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Health Problems & Solutions

Some Health Quaries & Answers

Stop the bottle, spare the teeth  :

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Q: My three and a half-year-old daughter has a poor appetite. She is only 10 kg while the expected weight is 15 kg (as per the pediatrician’s calculation). The doctor prescribed de-worming medication several times as well as tonics. I give her milk with Pediasure in a bottle at night. She has several decayed teeth and frequently complains of toothache.

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A: Your daughter probably has caries. The bottle will worsen her cavities because the milk will stick to the teeth which will allow bacteria to thrive in her mouth. These milk teeth will eventually fall off and you may feel they do not require any treatment. But food will get stuck there and cause discomfort. This will make her reluctant to eat, resulting in inadequate weight gain. Also, she is old enough to discard the bottle. You are probably giving it to her in the hope that she receives some calories. Stop the bottle and take her to a dentist. He might be able to fill the cavities.

Hiatus hernia
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Q: I have heart burn all the time. After some tests the doctor found that I have hiatus hernia. What should I do?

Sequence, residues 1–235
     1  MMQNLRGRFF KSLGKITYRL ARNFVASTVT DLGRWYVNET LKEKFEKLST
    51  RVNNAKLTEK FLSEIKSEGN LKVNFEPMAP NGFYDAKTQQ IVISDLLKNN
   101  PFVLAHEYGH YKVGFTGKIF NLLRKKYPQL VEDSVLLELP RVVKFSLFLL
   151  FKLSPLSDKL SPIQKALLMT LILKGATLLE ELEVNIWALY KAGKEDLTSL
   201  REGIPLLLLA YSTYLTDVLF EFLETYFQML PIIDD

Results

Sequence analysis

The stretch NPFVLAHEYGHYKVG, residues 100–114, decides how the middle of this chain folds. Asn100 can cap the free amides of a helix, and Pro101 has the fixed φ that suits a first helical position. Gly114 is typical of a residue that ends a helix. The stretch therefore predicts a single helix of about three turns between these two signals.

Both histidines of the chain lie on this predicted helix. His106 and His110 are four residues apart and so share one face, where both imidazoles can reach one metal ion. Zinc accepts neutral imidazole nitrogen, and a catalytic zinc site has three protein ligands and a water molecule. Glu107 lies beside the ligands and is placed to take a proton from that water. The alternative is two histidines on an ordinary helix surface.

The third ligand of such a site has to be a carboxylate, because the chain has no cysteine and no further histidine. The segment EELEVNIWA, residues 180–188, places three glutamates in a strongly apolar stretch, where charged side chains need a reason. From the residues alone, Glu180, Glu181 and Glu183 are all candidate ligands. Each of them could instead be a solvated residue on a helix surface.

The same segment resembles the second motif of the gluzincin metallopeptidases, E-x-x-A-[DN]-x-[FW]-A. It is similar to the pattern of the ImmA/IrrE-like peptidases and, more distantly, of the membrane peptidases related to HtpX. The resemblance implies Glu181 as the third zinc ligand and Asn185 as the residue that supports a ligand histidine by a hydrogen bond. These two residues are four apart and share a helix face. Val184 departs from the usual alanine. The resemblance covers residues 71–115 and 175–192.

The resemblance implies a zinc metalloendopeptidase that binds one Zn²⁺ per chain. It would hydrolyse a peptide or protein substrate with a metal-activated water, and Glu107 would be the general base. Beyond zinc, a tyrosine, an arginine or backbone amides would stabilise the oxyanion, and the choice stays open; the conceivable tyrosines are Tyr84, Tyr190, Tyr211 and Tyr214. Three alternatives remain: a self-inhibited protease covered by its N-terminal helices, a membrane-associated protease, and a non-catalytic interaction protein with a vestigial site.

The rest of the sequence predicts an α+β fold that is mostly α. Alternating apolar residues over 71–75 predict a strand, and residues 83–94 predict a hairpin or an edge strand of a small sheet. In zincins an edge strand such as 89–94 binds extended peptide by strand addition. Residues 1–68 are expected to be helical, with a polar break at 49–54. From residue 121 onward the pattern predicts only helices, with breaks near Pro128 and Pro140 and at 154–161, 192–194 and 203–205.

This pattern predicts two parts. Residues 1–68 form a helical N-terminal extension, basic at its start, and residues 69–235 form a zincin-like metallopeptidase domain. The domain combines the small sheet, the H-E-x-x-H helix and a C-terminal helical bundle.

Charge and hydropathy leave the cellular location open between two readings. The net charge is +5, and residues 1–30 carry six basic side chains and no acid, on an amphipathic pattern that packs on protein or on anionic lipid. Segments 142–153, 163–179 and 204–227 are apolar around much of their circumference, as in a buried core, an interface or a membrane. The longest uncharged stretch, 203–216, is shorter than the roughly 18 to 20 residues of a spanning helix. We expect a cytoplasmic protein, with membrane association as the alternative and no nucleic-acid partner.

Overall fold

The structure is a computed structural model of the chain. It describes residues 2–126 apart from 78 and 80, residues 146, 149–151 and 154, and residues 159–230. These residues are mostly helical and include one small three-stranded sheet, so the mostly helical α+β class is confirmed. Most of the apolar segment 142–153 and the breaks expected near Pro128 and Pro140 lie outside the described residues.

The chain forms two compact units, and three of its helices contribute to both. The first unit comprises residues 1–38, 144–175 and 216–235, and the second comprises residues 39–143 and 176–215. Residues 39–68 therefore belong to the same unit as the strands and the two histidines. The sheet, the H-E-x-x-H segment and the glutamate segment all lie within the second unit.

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A: The esophagus runs through the diaphragm to the stomach. It functions to carry food from the mouth to the stomach.The esophagus passes through the diaphragm just before it meets the stomach, through an opening called the esophageal hiatus.

 

A hiatal hernia occurs when part of the stomach protrudes up into the chest through the sheet of muscle called the diaphragm. This may result from a weakening of the surrounding tissues and may be aggravated by obesity and/or smoking.


Hiatus hernia is a condition where part of the stomach slides into the chest cavity. Many hiatus hernias are asymptomatic. Pain occurs because of acid reflux from the stomach into the esophagus.

You can get relief by losing weight, not lying down for an hour after food, and using medications like omeprazole and pantoprazole. If the hiatus hernia is long-standing with severe symptoms, surgery may be required.